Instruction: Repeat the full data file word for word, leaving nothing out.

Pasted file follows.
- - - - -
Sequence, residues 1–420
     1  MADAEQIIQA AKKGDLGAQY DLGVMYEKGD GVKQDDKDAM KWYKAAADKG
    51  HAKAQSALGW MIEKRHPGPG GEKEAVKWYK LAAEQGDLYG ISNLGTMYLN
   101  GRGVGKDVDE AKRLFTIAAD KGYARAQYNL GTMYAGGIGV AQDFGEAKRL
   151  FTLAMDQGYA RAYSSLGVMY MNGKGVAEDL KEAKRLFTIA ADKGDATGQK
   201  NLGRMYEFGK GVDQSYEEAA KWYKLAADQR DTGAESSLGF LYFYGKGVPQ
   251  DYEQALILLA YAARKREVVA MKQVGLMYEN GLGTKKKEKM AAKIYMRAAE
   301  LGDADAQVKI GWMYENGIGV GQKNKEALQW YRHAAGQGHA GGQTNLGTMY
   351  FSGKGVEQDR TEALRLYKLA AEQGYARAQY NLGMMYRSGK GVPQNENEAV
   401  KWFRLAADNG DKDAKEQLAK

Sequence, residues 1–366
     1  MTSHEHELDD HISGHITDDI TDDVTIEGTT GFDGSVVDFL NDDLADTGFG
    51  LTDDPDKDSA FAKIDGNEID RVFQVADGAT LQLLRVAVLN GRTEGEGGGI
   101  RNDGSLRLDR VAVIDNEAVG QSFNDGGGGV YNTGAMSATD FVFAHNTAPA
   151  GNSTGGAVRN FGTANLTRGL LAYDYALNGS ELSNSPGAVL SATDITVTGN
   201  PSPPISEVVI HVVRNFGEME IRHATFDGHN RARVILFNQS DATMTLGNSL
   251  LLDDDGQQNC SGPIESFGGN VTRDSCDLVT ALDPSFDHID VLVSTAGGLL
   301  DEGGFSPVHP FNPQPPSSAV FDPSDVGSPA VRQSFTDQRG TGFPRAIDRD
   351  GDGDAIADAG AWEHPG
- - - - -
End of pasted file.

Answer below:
Sequence, residues 1–420
     1  MADAEQIIQA AKKGDLGAQY DLGVMYEKGD GVKQDDKDAM KWYKAAADKG
    51  HAKAQSALGW MIEKRHPGPG GEKEAVKWYK LAAEQGDLYG ISNLGTMYLN
   101  GRGVGKDVDE AKRLFTIAAD KGYARAQYNL GTMYAGGIGV AQDFGEAKRL
   151  FTLAMDQGYA RAYSSLGVMY MNGKGVAEDL KEAKRLFTIA ADKGDATGQK
   201  NLGRMYEFGK GVDQSYEEAA KWYKLAADQR DTGAESSLGF LYFYGKGVPQ
   251  DYEQALILLA YAARKREVVA MKQVGLMYEN GLGTKKKEKM AAKIYMRAAE
   301  LGDADAQVKI GWMYENGIGV GQKNKEALQW YRHAAGQGHA GGQTNLGTMY
   351  FSGKGVEQDR TEALRLYKLA AEQGYARAQY NLGMMYRSGK GVPQNENEAV
   401  KWFRLAADNG DKDAKEQLAK

Sequence, residues 1–366
     1  MTSHEHELDD HISGHITDDI TDDVTIEGTT GFDGSVVDFL NDDLADTGFG
    51  LTDDPDKDSA FAKIDGNEID RVFQVADGAT LQLLRVAVLN GRTEGEGGGI
   101  RNDGSLRLDR VAVIDNEAVG QSFNDGGGGV YNTGAMSATD FVFAHNTAPA
   151  GNSTGGAVRN FGTANLTRGL LAYDYALNGS ELSNSPGAVL SATDITVTGN
   201  PSPPISEVVI HVVRNFGEME IRHATFDGHN RARVILFNQS DATMTLGNSL
   251  LLDDDGQQNC SGPIESFGGN VTRDSCDLVT ALDPSFDHID VLVSTAGGLL
   301  DEGGFSPVHP FNPQPPSSAV FDPSDVGSPA VRQSFTDQRG TGFPRAIDRD
   351  GDGDAIADAG AWEHPG